Posts Tagged ‘Grayling fishing on the fly’

Catching Grayling using conventional methods with coarse fishing tackle can be fun. Although not a coarse fisherman myself I have always been intrigued as to the Trotting method. I’ve always liked the fact you can fish pools which are hardly fished by others, letting the float trot to your desired location perfectly presenting the bait at maximum range.

As all of my fishing is done using a fly rod, I set about ways to replicate this method using a fly rod on a short scale of course. Fly fishing for Grayling has really pick up over the last 5-6 years here in Wales, maybe it’s the cheap tickets that club waters offer or maybe it’s the sheer number of fish there to catch? Or the joy the lady of the stream brings upon netting. Who knows, but it’s a budding sport.

First plan of attack is to replicate the bait; the good ol’ pinky always seems to be a firm Grayling favourite amongst coarse anglers. I thought this may be the best place to start for my imitation bat.


I had many imitations patterns in my mind to tie in various colours. Different shade pinks, creams and whites to try and closely represent the offerings from coarse anglers. Small and large with veins and eyes, segmentations varied weights, some people said I may have gone too far with the fly experiment, nearly filling a small fly box with my maggot imitations. My firm favourite though was the ‘Shell Pink’ variant.


The bung, also known as the indicator was the only way to go. May fly fishermen think that using the bung in any of its states, river or lake is sacrilege, but to others it’s just another method we use to catch fish. The bung would be my float, something that is easy to cast and won’t become waterlogged and easily visible on long drifts. I devised a pattern out of a well know product called Aero dry – Something which is used widely in the fly tying world and has great floating properties. It’s a multi-stranded, hollow yarn for Japan. They have everything don’ they?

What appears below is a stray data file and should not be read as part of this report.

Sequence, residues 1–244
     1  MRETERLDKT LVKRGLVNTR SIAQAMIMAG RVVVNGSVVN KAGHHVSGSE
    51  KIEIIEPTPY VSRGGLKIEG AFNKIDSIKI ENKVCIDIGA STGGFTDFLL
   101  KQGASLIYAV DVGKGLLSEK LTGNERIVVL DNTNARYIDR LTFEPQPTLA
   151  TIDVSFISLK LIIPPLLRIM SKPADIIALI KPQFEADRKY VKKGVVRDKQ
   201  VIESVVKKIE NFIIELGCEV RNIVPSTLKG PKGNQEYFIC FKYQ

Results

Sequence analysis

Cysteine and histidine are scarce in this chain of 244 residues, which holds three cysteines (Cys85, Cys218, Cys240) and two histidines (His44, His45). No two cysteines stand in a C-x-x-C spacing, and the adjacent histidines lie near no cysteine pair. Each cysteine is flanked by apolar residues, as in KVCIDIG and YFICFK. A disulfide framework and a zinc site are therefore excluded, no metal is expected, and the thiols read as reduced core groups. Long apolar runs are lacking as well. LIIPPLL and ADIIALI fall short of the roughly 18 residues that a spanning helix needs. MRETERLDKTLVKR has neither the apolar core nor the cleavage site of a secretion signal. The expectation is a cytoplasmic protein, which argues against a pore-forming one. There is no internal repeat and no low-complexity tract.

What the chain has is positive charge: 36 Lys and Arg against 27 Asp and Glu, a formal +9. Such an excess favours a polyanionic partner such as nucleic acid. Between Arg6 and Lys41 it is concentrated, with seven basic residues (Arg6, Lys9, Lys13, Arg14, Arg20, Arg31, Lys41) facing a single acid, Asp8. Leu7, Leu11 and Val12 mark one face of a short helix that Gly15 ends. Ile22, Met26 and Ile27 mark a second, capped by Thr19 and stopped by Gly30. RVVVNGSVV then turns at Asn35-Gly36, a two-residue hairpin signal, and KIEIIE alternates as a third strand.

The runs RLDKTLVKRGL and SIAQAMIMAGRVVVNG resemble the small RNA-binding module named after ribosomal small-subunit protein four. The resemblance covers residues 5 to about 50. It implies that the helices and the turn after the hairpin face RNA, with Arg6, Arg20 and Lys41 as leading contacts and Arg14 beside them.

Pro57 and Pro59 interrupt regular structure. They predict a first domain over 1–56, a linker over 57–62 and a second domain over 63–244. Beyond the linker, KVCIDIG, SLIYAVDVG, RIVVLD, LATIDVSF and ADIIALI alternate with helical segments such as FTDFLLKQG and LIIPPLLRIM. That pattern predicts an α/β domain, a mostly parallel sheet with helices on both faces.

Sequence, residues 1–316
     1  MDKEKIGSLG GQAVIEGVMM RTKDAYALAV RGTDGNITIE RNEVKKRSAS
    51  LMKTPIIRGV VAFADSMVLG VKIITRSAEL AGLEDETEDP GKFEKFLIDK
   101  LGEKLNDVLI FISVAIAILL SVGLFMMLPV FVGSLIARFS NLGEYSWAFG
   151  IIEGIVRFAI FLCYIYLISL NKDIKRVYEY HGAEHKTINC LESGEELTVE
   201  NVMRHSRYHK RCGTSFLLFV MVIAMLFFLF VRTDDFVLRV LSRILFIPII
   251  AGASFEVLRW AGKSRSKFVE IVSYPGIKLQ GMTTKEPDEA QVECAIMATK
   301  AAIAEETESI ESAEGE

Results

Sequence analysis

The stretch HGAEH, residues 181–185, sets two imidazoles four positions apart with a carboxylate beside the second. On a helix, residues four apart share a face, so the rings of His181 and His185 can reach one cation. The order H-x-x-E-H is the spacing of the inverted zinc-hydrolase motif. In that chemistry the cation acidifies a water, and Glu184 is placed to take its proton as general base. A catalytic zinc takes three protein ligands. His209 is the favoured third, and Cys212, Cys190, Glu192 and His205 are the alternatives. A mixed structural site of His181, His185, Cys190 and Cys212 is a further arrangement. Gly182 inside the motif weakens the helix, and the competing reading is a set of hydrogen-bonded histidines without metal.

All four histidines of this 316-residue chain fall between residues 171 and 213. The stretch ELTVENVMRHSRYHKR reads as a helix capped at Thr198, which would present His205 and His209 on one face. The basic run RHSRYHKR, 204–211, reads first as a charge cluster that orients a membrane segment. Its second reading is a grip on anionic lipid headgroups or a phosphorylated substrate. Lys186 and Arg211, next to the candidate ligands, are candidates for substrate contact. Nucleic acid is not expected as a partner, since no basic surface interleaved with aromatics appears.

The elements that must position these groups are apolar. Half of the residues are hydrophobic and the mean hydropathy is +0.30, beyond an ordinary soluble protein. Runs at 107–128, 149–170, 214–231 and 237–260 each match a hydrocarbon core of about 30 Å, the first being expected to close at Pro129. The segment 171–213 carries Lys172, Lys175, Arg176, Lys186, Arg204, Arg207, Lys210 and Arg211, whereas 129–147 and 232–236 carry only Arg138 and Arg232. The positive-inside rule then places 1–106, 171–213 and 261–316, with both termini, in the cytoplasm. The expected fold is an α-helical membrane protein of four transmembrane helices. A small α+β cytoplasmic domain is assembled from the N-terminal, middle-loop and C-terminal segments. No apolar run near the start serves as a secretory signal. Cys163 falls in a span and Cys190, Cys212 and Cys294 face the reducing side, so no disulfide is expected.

‘Depth & Control’

Controlling the depth is quite similar to how you would a float. In the same instance of moving the weights/float along the mainline, my indicator would be tied to a dropper which can be moved along the mainline to adjust the depth. Also by incorporating different amounts of lead underneath the dressing of the flies they can be swapped and changed depending on the water speed and depth.

A long gradually tapered leader is the ideal way to use this method, it allows the flies to be propelled upstream, into a run, crease or maybe just upstream into the glide. As with the trotting method the weights are what are used to take your bait to where you want it to go. Fly fishing, it’s the actually fly line but we use a tapered leader as its light and very controllable, something we use to our advantage. Imagine a slack the far side of a run, a depth of around 3/4 feet and you know there’s fish there. Tying to fish this with a fly line and controlling the indicator is nearly impossible, the line will get caught in the run and cause the flies to be dragged out of the slack. The long tapered leader lets us hold the rod high in the air keeping the line off the water and letting the flies/indicator travel dead drift through the pool. Perfect.

The indicator can be left to trundle downstream in glides or runs continuously recasting in different spots looking to locate the grayling. Once located, grayling can be caught in huge numbers, one thing ive found when catching a lot is once numbers start to dwindle, they’re still there, it’s just locating them again and also a colour change can prove deadly.

Hanging two of the above flies beneath a bung is the closest I’ve come to replicating the very impressive trotting method. Flies tied out of elastic band, floss and other ‘buggy’ looking materials can be used.

Has anyone tried flies for trotting?




Kieron Jenkins.

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